January 18th, 2017
It’s official, Google has confirmed the rollout of their latest update. You’re gonna love the name; the intrusive mobile interstitial penalty. It’s been in the pipeline for a while now, with a warning from Google almost 6 months ago that it would begin rolling out the update. It’s fairly intricate so we thought we would help you get your head around it in this post.
What does Intrusive Interstitial mean?
The first question people might be asking is what does “intrusive interstitial” actually mean? Most of you wouldn’t have heard of this terminology before. Effectively, an interstitial is an overlay or pop up on a website that covers part of the content. The key thing you need to remember here is that this requires an interaction with the website before you can engage with the actual content. An example would be a pop-up to add an item to your basket or signing up for news alerts.
Now we get to Intrusive Interstitial. They are, in many ways, similar to a normal interstitial as we have outlined above. However, the main difference is that it requires no interaction with the site to pop up and usually obstructs access to the site’s normal functions or content until some form of interaction is carried out on the overlay or pop-up. A good example of this type of interstitial would be an email sign up that appears immediately when the user loads the page and can’t be closed until the user interacts with or closes it. This poses an issue for quite a few sites that use this type of overlay already, such as Forbes. The likelihood is that the entrance screen they currently use will fall under the realm of an intrusive mobile interstitial.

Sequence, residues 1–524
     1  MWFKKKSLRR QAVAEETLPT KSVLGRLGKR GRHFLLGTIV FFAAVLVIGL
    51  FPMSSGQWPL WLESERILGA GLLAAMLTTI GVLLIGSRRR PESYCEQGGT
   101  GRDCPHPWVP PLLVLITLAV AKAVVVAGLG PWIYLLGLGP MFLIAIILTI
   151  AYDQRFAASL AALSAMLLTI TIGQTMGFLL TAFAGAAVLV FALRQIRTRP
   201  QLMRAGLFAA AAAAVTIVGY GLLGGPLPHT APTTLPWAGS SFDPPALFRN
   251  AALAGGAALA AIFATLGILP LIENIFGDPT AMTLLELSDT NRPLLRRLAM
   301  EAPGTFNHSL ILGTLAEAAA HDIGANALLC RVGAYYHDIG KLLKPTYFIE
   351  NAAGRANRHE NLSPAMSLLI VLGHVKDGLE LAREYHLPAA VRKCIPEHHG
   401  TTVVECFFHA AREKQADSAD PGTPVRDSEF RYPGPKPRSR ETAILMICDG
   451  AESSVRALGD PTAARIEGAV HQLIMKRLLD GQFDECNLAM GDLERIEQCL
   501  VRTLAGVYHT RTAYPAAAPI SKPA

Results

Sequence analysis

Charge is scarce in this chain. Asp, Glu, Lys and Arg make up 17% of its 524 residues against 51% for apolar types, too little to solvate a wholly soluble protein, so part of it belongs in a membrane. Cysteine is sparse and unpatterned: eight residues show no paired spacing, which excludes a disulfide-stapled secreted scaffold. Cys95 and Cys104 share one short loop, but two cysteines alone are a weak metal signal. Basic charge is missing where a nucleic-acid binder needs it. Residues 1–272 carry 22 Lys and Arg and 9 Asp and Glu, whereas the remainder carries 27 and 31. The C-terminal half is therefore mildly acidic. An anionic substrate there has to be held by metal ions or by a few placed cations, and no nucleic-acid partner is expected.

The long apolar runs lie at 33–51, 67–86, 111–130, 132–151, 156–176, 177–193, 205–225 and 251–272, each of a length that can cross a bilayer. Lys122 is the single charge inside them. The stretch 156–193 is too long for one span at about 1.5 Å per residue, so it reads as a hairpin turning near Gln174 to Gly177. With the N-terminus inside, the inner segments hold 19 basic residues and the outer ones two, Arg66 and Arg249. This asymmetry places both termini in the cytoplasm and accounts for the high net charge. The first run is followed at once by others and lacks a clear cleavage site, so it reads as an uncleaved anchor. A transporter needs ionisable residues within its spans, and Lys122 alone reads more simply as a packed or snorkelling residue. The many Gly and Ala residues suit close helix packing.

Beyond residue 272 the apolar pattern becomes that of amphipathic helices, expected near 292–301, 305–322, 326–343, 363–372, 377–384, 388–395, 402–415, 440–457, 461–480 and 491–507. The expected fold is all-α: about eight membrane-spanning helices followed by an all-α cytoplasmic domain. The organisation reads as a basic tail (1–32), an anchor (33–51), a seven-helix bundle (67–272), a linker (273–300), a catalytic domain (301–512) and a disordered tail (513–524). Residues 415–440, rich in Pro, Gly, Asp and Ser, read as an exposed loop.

However, it’s important to note that Google has put a fair amount of thought into this update. They do have certain types of interstitials that they are going to accept – as you can see below, the table shows what ads they are willing to accept.
As you might have grasped from all of these, they all represent either a legal requirement, operational purpose on the site or, for the ones that fall outside of that criteria, don’t take up a large amount of screenspace.
Now we’re going to show you the examples of ones that are allowed.
As you can see from this table, all of these are intrusive interstitials that require the user to either engage with or, if they want to close it, find a small or hidden close button. Another good example is if you have a pop up that is asking the user to sign up for their mailing lists and only has “Yes” or something along the lines of “No I don’t want to”. Without the ability to close they are forced to interact with the popup.
What this essentially means is that any site using this will encounter a sitewide penalty that results in a drop in rankings.
Google has laid it out pretty well and they couldn’t really give you any more information on the update itself. For any website owners or editors out there, it’s pretty simple – make sure any popup or overlay on your site is in some way helping the user, is a legal requirement, or is operationally beneficial for the site to keep running.
So there it is, that’s our overview of Google’s latest update. We’ve shown you what you can and can’t get away with in this latest update and, hopefully, allowed you to understand it a bit better. If you found this useful and now feel you understand the Intrusive Interstitial update better, or if you still have questions, why not leave a comment below?
Also, if you’re worried about how this update could affect your business then you can always get in touch with us! We can help your business with everything from strategy to design, ensuring that you don’t get caught out by any of Google’s updates, including this one!